(Courtesy Vancouver Campfire Project/Facebook)

(Courtesy Vancouver Campfire Project/Facebook)

VANCOUVER (NEWS1130) – How would you like to sit around a fire at the beach this summer?

A student collaboration out of SFU and UBC hopes for an exemption in the laws around open fires in Vancouver.

It’s called the Vancouver Campfire Project, and organizers are proposing to put fire pits on Vancouver beaches, with a pilot pit proposed for this summer on Jericho Beach. Continue reading

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Elephant advocates raise awareness for ivory poaching crisis

elephantics

VANCOUVER (NEWS1130) – Music, dancing, and bright elephant ear hats made this flashmob look like a party. But the group got together in front of Pacific Centre mall downtown to bring awareness to a serious issue – the elephant poaching crisis in Africa.

The animal advocates call themselves Elephanatics, and they believe educating consumers on the cruelty of ivory poaching is the first step. Organizer Andrea Duthie says a flashmob is a fun way to turn heads to this serious issue.

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New Olympic statue unveiled in downtown Vancouver

nike statue

VANCOUVER (NEWS1130) – The 2010 Olympics have long been over, but Nike the Greek goddess of victory has finally landed Vancouver.

Dozens of people gathered at the corner of Thurlow and Cordova for the official unveiling of the statue on Saturday afternoon.

The statue is a gift from the ancient city of Olympia, and was designed by a renowned Greek sculptor Pavlos Angelos Kougiomtzis.

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Abbotsford homeless file a human rights complaint against city authorities

DJ Larkin of Pivot Legal Society is helping Jubilee Park homeless file a complaint. (Olsy Sorokina/BCIT News)

DJ Larkin of Pivot Legal Society is helping Jubilee Park homeless file a complaint. (Olsy Sorokina/BCIT News)

ABBOTSFORD – Residents of the homeless camp in Abbotsford are fighting back the city’s move-out notice with a human rights complaint.

On Monday, city authorities posted a notice for the residents to remove all their tents and belongings from Jubilee Park, citing safety concerns associated with extreme weather conditions as the main reason.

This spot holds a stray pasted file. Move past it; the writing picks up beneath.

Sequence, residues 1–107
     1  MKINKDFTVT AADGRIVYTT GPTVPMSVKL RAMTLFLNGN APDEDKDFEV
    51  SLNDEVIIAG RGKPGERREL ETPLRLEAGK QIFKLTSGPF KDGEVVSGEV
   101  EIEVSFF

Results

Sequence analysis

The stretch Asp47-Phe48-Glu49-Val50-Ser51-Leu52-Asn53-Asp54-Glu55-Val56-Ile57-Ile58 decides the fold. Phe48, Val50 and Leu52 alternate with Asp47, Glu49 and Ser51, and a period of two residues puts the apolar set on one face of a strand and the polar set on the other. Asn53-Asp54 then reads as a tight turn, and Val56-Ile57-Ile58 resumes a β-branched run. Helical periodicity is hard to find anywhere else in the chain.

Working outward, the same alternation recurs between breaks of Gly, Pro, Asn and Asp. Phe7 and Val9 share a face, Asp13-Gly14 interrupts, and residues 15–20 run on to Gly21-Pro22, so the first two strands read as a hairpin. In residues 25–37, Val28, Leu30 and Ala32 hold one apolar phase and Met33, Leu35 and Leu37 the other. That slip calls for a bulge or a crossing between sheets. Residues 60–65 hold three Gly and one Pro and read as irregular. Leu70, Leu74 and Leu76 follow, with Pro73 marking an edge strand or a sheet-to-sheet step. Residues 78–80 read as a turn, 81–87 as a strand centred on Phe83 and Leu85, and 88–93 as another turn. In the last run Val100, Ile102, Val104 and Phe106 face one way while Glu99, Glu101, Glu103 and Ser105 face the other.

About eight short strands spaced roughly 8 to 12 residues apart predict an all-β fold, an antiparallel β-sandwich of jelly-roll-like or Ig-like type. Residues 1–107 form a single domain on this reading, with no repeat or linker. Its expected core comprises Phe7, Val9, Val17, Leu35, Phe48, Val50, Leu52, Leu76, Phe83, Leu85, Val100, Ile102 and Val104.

The camp in Jubilee was set up after another site along Gladys Road was smeared with chicken manure to drive out the homeless in early June.

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Vancouver Heritage Foundation hosts the last of the movie night series at Hollywood Theatre

Vancouver Heritage Foundation paid a grant to restore Hollywood theatre's historic facade earlier this year. (Courtesy Vancouver Heritage Foundation)

Vancouver Heritage Foundation paid a grant to restore Hollywood theatre’s historic facade earlier this year. (Courtesy Vancouver Heritage Foundation)

VANCOUVER (BCIT NEWS) – The upcoming movie night may be the last time the screen lights up at Vancouver’s historic Hollywood Theatre.

Vancouver Heritage Foundation has been organizing movie nights at the Hollywood since the spring of 2013. Showings were organized with the help of the Church at Hollywood, which has occupied the building since the theater’s closure in

Most films in the series shared themes inspired by Vancouver’s history and architecture. All admission and concession at the movie nights has been by donation.

The foundation also gave a grant for restoration of the theatre’s historic façade earlier this year. Most of the money has already been spent for painting the building and restoring one of the oldest neon signs in Vancouver – a city once known as Canada’s Neon Capital.

Heritage Foundation executive director Judith Mosley says the foundation would be sorry to lose the historic theater.

“It’s a historic building, it is on the heritage register for Vancouver. We would really like to see a use continue for the Hollywood that is compatible with retaining the historic theatre, including the interior,” Mosley says. “Certainly we’d really like to see that happen, and would hope for a positive solution around that.”

Mosley says more people have been coming out to what was already a popular event since the possibility of the Hollywood’s closure.

The last movie night is planned for on November 26, and will show a 1949 film adaptation of Ayn Rand’s novel The Fountainhead.

This article originally appeared on the BCIT News website on November 19, 2013. Read this and other stories by Olsy Sorokina here